Fortunately or unfortunately, I love knitting too much to just give it up (blogging, too). The pros continue to outweigh the cons. And so, I will continue to trudge along, knitting and blogging at my own pace. After all, there are new books, patterns, designers, yarns, needles, and approaches that I have yet to try!

Thank you for reading, and thank you for knitting. Here’s to a happy and healthy 2014!

18 thoughts on “One last project to finish off 2013

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  1. Laurie

    Kathy,

    It’s always good to “hear” from you. You were one of the first bloggers I discovered way back when … way back, I believe when you designed and knit your Tivoli top!

    Now I have a daughter in college in the Boston area (I grew up in the area but moved away long ago), and we both are still bemoaning the demise of Windsor Button. My daughter has found a small LYS in Porter Square – nice, but well, so different. We compensate by taking an annual day trip to Webs, which is altogether its own kind of wonderful.

    Your post today made me laugh – I cannot believe you had to “ravel” Odessa! I’ve made several of them, and I must say that pattern has stood the test of time. (Oh my – remember the brouhaha over MagKnits?)

    I wish you all the best in 2014 – as your son grows up, you’ll find yourself once again with far more time for yourself, and it will be bittersweet. Until then, savor every moment. Hard to imagine sometimes, but it is over so quickly.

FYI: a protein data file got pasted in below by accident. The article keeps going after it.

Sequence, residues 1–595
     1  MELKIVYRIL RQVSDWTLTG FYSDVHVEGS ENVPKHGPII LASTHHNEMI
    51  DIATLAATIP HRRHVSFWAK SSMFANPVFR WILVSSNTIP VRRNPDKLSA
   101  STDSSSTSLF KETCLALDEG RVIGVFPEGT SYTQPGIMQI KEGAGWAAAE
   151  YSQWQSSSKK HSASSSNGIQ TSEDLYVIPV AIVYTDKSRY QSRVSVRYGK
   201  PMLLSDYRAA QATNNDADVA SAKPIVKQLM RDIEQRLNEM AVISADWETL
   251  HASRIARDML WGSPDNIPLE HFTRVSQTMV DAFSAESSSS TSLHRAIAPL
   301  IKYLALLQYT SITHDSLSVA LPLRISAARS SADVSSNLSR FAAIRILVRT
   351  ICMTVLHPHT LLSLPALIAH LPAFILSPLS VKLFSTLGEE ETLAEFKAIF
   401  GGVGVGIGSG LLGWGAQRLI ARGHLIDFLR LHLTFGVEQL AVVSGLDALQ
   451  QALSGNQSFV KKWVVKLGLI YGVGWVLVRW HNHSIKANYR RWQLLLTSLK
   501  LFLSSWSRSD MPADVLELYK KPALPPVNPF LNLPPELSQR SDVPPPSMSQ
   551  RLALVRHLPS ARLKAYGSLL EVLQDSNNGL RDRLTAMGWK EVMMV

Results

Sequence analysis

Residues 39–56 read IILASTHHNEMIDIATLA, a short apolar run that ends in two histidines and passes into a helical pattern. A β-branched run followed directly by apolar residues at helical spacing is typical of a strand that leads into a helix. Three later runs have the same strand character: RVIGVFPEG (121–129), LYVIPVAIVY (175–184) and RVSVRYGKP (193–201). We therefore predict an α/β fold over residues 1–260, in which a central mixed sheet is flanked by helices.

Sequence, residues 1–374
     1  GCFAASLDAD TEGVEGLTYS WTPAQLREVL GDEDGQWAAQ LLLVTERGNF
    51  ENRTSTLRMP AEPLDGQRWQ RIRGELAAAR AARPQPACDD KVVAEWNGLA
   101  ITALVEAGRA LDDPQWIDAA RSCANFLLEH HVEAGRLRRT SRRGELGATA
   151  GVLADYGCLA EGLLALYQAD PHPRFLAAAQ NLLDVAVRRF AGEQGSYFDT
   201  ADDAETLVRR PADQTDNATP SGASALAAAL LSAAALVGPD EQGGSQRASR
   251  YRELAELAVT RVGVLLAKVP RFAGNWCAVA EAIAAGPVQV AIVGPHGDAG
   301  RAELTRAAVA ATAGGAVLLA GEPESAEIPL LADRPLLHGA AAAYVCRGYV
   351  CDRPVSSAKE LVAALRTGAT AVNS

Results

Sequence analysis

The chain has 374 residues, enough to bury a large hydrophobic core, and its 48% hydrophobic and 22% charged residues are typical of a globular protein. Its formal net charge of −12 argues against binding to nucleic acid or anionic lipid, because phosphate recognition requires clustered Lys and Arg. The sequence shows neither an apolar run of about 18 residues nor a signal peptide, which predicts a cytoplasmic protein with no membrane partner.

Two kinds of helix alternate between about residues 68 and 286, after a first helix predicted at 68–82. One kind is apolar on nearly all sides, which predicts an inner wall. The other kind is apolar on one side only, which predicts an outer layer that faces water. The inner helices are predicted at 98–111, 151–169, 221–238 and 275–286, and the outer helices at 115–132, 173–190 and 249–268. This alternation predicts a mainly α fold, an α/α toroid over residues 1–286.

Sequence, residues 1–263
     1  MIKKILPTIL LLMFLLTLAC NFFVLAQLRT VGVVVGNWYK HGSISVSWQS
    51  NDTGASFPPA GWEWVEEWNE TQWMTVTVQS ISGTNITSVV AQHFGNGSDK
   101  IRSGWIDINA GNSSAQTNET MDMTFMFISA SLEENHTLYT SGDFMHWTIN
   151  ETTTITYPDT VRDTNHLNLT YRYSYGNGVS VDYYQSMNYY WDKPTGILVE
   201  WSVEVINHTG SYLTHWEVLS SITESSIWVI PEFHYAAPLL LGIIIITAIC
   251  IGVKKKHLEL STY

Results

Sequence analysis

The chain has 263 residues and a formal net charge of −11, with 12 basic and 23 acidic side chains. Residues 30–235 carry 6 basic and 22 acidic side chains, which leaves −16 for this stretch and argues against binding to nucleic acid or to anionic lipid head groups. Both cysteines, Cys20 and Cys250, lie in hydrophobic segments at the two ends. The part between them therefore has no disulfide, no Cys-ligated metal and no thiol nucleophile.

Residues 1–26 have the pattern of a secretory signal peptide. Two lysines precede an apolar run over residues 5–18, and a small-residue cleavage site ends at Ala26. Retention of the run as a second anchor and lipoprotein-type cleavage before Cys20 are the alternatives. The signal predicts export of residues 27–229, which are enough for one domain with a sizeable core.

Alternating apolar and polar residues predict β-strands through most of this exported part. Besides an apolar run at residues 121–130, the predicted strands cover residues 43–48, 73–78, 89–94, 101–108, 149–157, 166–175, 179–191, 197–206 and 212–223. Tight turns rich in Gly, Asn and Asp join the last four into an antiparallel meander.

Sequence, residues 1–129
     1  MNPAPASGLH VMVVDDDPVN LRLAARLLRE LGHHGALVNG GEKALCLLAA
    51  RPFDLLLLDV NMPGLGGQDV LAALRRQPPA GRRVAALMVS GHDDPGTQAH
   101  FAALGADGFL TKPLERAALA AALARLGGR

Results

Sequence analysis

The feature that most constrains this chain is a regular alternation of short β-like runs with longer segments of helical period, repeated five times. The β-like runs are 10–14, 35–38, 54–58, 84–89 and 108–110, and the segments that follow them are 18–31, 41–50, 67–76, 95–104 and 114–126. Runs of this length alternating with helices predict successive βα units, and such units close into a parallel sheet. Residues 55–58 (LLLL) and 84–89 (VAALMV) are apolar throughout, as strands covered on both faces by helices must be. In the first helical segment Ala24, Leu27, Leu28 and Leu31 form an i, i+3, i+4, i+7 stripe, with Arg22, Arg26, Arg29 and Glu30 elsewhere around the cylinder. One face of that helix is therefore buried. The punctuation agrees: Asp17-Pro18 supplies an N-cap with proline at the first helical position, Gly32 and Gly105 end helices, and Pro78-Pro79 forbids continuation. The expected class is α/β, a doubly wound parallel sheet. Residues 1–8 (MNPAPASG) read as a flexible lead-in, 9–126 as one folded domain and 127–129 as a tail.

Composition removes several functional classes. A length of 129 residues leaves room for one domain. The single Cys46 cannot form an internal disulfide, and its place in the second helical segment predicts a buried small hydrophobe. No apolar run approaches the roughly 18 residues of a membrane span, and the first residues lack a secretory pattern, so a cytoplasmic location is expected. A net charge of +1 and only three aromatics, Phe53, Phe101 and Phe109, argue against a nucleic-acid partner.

Happy New Year!

    Laurie

  2. Mary

    Glad you are still at it. Enjoy your son! My oldest ones were born 10 minutes ago and are going to college next year. The yarn and fabric will still be there.

  3. Joanna

    Happy New Year to you and your adorable family! Keep on knitting and keep on blogging. Don’t even consider abandoning either. When Gregory is a bit bigger, it will be a lot easier.

  4. Sue

    The beauty of knitting is that it’s a lifelong thing – there have been years when I haven’t knit a thing. When I returned to the “community” I felt like I had landed on the moon. But if the interest is there it becomes a fun new adventure, catching up and charting new directions. Don’t be too hard on yourself – enjoy your life.

  5. Sarah

    Keep it up! As a mother of small people myself I find encouragement and enjoyment reading what other people are doing. I’m using the Berroco Vintage myself to make a pullover sweater for me….maybe I’ll finish it this year…..